Parental cigarette smoking, transforming growth factor-alpha gene variant and the risk of orofacial cleft in Iranian infants

Document Type: Original Article


1 Dentofacial Deformities Research Center, Research Institute of Dental Sciences, Shahid Beheshti University of Medical Sciences, Tehran, Iran

2 Dental Carries Prevention Research Center, Qazvin University of Medical Sciences, Qazvin, Iran

3 Genetic Research Centre, University of Social Welfare and Rehabilitation Sciences, Tehran, Iran

4 Department of Public Health, School of Public Health, Zanjan University of Medical Sciences, Zanjan, Iran

5 Bachelors of Medical Laboratory Sciences, University of Social Welfare and Rehabilitation Sciences, Tehran, Iran


Objective(s):We investigated the influence of genetic variation of the transforming growth-factor alpha (TGFA) locus on the relationship between smoking and oral clefts.
Materials and methods:In this study 105 Iranian infants with non-syndromic cleft lip/palate and 218 controls with non-cleft birth defects were examined to test for associations among maternal exposures, genetic markers, and oral clefts. Maternal and parental smoking histories during pregnancy were obtained through questionnaire. DNA was extracted from newborn screening blood samples, and genotyping of the BamHI polymorphism in the TGFA gene was performed by polymerase chain reaction (PCR) and restriction fragment length polymorphism (RFLP) methods.
A number of factors including gender of the newborns, type of oral cleft, consanguinity of the parents, as well as the mother’s age and education were evaluated as potential confounders and effect modifiers.
Results: Maternal smoking, in the absence of paternal smoking, was associated with an increased risk for CL/P (OR = 19.2, 95% CI = [(6.2-59.5)])   and cleft palate only (OR =48.7, 95% CI = [(8-29.3)]). If both parents smoked, risks were generally greater (OR = 55.6, 95% CI = [12-20.25]). Analyses for the risk of clefting from maternal smoking, stratified by the presence or absence of the TGFA/BamH1variant, revealed that the risk of clefting among the infants with the TGFA/BamH1 variant when their mothers smoked cigarettes was much greater than the infants who had non-smoker mothers (P=0.001, OR=10.4,95% CI=[3.2,33.6]).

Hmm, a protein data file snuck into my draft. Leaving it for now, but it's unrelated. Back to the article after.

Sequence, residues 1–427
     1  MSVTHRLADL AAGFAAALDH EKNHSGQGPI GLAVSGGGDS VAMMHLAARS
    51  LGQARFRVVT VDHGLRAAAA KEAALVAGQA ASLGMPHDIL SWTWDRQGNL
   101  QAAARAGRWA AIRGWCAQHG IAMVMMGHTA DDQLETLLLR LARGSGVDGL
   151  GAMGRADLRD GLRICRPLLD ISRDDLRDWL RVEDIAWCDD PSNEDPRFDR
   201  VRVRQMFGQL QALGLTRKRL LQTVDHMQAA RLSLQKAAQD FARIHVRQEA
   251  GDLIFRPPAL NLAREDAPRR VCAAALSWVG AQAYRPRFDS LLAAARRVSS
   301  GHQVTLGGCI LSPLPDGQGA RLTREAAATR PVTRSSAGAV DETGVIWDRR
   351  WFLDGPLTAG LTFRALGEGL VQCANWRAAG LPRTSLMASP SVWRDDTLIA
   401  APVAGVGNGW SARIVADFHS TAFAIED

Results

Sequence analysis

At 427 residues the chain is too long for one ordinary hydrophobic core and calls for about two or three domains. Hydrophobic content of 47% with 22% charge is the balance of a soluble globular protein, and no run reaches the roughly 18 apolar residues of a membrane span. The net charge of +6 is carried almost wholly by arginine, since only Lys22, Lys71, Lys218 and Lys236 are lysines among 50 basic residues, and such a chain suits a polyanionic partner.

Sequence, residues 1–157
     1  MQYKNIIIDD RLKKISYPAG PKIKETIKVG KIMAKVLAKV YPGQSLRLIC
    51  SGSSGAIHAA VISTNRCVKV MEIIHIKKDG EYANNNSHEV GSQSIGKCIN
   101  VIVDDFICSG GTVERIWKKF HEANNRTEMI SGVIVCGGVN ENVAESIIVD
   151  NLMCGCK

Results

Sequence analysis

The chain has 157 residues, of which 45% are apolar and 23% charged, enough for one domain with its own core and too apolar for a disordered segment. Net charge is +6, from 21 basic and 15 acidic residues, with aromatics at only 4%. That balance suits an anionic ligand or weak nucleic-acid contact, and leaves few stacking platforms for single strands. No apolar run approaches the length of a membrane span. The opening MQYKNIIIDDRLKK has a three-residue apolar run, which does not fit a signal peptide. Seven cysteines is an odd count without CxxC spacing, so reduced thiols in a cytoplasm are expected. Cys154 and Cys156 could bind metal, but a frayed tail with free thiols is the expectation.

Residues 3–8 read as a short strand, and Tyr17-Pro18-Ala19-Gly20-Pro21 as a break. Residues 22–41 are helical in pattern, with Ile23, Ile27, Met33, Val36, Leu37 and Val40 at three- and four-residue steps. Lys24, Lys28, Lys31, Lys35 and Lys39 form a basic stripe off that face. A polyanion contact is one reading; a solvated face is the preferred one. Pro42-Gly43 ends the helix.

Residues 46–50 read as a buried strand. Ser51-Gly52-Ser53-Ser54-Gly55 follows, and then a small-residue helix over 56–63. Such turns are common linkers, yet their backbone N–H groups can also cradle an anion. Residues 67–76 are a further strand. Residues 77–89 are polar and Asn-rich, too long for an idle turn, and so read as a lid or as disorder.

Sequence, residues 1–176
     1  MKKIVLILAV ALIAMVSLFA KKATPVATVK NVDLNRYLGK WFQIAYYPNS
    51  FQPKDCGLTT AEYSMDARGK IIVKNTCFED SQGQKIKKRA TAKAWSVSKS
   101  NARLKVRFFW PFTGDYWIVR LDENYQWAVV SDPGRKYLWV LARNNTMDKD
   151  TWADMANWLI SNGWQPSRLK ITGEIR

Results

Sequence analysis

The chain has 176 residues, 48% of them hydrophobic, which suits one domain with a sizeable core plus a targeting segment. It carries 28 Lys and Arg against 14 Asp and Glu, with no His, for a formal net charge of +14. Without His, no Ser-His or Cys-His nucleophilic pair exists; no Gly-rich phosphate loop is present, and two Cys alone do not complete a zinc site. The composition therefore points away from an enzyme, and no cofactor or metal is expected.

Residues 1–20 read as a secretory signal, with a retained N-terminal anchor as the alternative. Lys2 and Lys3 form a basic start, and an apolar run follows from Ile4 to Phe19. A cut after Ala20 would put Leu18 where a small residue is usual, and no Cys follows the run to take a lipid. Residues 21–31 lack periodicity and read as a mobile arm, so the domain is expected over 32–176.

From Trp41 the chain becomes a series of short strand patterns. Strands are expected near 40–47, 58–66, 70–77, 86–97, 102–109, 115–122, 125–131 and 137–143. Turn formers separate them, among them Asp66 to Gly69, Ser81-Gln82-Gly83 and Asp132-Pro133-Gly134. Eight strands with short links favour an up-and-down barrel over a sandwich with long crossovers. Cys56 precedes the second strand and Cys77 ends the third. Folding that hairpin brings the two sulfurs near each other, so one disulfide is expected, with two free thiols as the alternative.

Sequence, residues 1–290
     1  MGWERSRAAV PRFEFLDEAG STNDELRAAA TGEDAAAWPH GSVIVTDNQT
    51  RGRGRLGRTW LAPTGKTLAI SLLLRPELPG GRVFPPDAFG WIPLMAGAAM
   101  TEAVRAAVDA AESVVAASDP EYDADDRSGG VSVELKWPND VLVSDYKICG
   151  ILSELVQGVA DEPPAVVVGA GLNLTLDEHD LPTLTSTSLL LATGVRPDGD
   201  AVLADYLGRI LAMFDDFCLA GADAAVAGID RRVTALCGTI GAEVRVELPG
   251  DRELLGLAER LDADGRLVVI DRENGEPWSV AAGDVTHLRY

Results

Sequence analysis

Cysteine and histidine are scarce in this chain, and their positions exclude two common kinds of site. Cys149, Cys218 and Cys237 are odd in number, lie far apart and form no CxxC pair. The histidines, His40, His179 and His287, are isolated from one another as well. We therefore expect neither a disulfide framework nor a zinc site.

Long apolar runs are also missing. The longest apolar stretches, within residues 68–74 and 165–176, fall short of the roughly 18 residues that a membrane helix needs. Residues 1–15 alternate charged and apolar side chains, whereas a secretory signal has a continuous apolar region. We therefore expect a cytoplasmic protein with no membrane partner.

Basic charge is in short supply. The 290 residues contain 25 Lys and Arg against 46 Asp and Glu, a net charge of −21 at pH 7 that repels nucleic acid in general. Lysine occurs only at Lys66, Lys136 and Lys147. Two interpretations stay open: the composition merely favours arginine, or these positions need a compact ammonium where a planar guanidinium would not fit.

Conclusion:The results of this study indicate that first-trimester maternal smoking and infant TGFA locus mutations are both associated with nonsyndromic cleft lip and/or palate (CL/P).


1.Ranganathan K, Vercler CJ, Warschausky SA, MacEachern MP, Buchman SR, Waljee JF. Comparative effectiveness studies examining patient-reported outcomes among children with cleft lip and/or palate: a systematic review. Plast Reconstr Surg 2015; 1351:198-211.

2.Crockett DJ, Goudy SL. Cleft lip and palate. Facial Plast Surg Clin North Am 2014; 224:573-586.

3.Aldhorae KA, Böhmer AC, Ludwig KU, Esmail AH, Al-Hebshi NN, Lippke B, et al. Nonsyndromic cleft lip with or without cleft palate in arab populations: genetic analysis of 15 risk loci in a novel case-control sample recruited in Yemen. Birth Defects Res A Clin Mol Teratol 2014; 1004:307-713.

4.Rajabian MH, Sherkat M. An epidemiologic study of oral clefts in Iran: analysis of 1669 cases. Cleft Palate Craniofac J 2000; 372:191-196.